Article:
“More authoritarian countries do not need the proof; countries that are more transparent will need it to prosecute [these individuals],” he said.
He added that China has interest in taking back its citizens back because it has “inflated the threat of terrorism to justify their treatment of Uyghurs.”
Reuters reported in 2015 that the Afghan government arrested and handed over a number of Uyghur militants to China as a way to persuade China to help with convincing Pakistan to bring the Taliban to the negotiating table.
Taqat said the Afghan government’s announcement shows that foreign fighters still have bases in the country and that their presence would remain a "formidable threat" after foreign troops leave.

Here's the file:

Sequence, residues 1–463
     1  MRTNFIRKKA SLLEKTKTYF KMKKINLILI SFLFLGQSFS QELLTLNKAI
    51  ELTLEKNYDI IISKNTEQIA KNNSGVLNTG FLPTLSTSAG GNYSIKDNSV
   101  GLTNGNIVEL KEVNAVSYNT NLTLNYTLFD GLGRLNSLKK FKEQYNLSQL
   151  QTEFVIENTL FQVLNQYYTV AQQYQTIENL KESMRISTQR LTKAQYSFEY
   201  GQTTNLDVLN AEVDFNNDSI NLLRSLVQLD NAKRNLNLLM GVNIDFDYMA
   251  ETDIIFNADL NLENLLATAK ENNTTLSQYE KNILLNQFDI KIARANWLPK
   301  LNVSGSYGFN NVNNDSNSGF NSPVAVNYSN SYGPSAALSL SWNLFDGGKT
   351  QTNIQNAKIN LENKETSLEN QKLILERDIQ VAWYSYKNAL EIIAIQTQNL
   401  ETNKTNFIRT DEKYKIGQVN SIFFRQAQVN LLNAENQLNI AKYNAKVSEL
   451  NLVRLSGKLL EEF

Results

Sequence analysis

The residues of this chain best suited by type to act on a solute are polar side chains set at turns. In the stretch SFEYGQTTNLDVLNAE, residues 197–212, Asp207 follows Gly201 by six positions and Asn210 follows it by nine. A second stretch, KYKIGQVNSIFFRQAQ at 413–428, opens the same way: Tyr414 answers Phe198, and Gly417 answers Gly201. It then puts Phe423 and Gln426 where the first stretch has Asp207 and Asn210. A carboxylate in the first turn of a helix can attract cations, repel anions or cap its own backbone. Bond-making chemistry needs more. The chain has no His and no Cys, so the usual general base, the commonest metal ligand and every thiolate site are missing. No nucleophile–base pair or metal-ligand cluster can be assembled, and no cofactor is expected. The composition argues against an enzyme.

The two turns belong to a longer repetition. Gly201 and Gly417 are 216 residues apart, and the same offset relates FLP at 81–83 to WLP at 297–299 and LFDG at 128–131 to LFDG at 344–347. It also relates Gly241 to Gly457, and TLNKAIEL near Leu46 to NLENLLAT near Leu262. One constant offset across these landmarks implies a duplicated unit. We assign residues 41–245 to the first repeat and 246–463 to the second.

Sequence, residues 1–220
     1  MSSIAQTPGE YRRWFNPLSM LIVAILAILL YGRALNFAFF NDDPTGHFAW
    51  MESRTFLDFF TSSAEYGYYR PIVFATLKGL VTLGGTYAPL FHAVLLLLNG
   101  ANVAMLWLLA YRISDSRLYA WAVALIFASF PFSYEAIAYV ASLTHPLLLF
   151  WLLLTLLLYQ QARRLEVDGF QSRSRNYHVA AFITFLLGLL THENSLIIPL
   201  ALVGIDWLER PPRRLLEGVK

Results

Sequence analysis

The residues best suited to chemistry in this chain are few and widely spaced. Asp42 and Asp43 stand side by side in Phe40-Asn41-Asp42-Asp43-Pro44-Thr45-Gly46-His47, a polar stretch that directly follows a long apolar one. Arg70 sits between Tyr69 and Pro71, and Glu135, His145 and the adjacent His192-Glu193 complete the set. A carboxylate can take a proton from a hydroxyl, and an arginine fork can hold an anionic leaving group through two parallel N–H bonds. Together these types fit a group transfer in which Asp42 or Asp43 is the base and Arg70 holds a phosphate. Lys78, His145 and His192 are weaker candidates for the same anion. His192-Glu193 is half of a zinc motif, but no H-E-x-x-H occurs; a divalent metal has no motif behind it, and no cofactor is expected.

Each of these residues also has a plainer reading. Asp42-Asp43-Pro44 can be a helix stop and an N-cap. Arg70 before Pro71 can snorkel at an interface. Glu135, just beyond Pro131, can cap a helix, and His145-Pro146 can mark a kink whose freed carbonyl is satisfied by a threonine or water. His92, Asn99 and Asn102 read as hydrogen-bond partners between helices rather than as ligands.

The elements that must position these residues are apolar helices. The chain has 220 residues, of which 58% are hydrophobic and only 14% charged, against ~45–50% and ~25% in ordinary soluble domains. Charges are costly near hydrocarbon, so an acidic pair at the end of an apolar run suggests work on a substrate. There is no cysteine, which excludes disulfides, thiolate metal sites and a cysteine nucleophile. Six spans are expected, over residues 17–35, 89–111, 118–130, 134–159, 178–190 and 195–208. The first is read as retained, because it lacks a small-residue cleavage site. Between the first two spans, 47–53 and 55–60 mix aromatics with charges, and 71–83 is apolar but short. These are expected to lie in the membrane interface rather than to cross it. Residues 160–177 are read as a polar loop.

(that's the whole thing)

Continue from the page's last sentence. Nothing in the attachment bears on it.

The fighters “will pose a greater threat to the security and stability of Afghanistan after the U.S. withdrawal,” said Taqat.
The U.S. and its NATO allies have announced that they will pull out all their forces from Afghanistan by September 11.
The Islamic State branch, ISKP, was formed in January 2015 in the eastern provinces of Afghanistan and in northern Pakistan. The group has suffered major setbacks in recent years, including the loss of its key pockets of territory and the removal of its top leadership.
Despite the losses, a U.N. report in May 2020 said that ISKP still has about 2,200 armed fighters in the South Asian country and remains capable of launching different attacks.